There’s no way around admitting that that tracks like “Confessions of a Futon Revolutionist” or “Greatest Hits Collection” are straight-ahead pop punk, albeit with much more of a bookish, “emotional” sensibility than a lot of their peers at the time. Fallow was an influential record because it showed that you need not colour inside the lines when making this kind of music, and songs like the somber and mournful title track, or the almost discordant, “Leash,” demonstrated that the Weakerthans were destined for more than just three chord bangers.
In a genre that often feels very “cut and paste,” the Weakerthans were a breath of fresh air because they broadened the idea of what pop punk was, and what you could do with it. You didn’t have to just write songs about getting wasted or being sad about girls; you could write songs about existential dread in a coffee shop in rural Manitoba, or the crushing reality of bitter living under hypercapitalism, and you could do it with flowery prose, too. The Weakerthans made it okay for you to take a chance, and take things seriously, and looking back, Fallow is pretty astonishingly ambitious debut LP.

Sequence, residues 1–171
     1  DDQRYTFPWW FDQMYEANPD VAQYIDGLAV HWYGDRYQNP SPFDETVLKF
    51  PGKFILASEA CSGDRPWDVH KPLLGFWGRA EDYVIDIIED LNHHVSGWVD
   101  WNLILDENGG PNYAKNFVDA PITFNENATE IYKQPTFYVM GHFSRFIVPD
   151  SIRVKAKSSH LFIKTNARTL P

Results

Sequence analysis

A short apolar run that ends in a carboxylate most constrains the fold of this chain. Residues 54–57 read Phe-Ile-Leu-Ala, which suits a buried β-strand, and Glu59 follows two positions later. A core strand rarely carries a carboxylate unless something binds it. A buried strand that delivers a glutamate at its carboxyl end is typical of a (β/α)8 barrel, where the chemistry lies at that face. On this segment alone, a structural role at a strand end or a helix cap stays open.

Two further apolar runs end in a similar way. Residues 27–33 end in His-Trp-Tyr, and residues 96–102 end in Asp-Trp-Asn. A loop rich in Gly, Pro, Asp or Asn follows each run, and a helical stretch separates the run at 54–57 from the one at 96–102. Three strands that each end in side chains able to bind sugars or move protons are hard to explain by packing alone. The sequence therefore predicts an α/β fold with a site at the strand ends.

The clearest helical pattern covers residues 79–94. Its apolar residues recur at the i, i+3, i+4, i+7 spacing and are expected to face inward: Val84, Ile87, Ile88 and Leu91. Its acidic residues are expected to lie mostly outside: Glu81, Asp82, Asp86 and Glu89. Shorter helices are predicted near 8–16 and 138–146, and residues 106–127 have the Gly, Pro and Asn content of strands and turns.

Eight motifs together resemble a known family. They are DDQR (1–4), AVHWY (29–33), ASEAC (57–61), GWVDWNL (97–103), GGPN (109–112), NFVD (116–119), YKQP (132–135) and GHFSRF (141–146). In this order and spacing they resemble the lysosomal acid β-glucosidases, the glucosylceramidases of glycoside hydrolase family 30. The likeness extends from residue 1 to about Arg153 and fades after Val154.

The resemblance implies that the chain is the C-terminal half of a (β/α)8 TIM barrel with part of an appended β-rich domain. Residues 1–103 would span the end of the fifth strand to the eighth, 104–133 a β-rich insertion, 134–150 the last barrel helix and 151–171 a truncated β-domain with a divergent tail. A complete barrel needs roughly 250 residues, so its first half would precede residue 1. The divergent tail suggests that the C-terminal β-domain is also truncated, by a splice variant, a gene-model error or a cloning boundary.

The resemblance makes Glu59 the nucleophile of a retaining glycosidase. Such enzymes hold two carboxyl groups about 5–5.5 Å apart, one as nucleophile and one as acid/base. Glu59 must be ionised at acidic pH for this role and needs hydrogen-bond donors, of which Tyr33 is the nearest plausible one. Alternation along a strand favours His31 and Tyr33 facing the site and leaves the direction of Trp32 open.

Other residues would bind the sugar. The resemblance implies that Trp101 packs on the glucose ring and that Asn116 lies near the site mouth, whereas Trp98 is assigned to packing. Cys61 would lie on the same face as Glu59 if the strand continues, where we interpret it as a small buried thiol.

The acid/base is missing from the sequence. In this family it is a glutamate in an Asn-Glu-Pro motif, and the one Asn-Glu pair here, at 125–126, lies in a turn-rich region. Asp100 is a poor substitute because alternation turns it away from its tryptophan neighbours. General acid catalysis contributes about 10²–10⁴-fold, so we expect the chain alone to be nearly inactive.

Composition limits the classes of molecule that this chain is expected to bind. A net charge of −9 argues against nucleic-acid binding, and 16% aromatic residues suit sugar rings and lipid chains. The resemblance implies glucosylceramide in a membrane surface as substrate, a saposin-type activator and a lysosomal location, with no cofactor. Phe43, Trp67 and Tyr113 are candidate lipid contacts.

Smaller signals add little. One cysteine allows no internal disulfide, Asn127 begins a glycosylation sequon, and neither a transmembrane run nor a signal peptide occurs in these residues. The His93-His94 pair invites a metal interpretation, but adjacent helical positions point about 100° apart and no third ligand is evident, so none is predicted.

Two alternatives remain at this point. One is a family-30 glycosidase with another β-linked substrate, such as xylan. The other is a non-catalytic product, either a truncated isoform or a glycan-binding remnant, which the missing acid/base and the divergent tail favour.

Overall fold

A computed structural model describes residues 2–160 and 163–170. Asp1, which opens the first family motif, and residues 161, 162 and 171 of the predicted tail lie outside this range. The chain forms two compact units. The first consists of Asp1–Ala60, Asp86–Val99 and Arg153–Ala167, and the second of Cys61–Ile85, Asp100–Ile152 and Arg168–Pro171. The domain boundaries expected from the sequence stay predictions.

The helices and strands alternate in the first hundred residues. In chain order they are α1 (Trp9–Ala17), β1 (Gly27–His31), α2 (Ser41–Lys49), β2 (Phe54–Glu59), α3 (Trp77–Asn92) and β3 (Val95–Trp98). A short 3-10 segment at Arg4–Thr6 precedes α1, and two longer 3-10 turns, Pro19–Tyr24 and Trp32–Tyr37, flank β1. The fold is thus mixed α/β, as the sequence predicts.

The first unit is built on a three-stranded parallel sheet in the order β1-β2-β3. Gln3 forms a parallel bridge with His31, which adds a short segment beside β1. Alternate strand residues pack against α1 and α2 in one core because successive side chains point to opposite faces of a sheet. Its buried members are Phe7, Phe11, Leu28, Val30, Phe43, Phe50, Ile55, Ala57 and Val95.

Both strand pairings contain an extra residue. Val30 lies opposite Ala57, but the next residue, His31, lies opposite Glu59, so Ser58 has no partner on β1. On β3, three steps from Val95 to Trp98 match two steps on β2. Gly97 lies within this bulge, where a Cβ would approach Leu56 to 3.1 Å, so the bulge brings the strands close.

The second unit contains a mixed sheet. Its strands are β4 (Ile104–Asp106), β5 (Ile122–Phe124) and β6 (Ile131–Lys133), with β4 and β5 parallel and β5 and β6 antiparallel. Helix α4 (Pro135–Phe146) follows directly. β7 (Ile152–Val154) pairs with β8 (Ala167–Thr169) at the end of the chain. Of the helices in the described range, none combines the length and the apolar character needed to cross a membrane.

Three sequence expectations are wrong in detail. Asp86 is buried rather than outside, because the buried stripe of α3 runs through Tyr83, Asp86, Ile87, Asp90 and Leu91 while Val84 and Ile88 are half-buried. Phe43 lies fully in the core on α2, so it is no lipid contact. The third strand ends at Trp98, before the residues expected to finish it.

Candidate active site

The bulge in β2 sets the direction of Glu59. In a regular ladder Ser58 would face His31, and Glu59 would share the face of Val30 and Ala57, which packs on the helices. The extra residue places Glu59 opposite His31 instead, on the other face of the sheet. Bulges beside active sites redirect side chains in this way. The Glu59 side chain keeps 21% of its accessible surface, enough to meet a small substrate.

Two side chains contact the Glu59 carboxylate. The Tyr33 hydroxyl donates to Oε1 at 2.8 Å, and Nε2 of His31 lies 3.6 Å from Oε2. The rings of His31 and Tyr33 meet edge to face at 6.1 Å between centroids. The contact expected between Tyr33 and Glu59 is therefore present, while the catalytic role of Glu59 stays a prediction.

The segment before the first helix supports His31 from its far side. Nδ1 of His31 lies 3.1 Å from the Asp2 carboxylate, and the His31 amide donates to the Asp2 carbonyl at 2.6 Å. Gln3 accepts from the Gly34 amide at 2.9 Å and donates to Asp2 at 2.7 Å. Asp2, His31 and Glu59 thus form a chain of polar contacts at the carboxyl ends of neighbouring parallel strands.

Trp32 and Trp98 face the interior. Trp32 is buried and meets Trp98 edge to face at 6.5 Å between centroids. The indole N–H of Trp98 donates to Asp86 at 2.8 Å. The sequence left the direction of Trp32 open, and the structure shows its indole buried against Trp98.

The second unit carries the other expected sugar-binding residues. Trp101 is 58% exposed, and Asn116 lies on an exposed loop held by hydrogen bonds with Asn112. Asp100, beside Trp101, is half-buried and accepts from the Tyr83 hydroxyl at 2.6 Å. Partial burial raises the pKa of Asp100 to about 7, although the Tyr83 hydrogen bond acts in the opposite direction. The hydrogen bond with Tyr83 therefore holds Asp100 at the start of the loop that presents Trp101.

Reset – No Limits
Part of me really wanted to include Simple Plan’s debut album here instead, because it’s inarguably much more well-known, and infinitely more successful, but when it all comes down to it, Simple Plan were just a more mainstream and marketable Reset. It was like Reset with all of the good bits stripped out it – streamlined and nicely wrapped up for the masses. Also, it was Reset who not only ignited a fire in the Quebec punk scene, bringing francophone pop punk music to a much larger following, ultimately being responsible for the evolution of hyped as hell bands like the Sainte Catherines, and arguably, the ska and punk themed festival Pouzza Fest.
What Reset brought to the table was different than what was happening in other parts of Canada in the pop punk scene – and not just because of the Francophone influence. Reset really blurred the line between technical punk and pop punk, with songs that weren’t as straight-ahead as some of their cohorts. Their albums had a rough and kind of warped edge to them, and there were glimpses of metal and hardcore in their riffs, but they wove it all together with catchy as hell hooks and anthemic choruses when they needed to.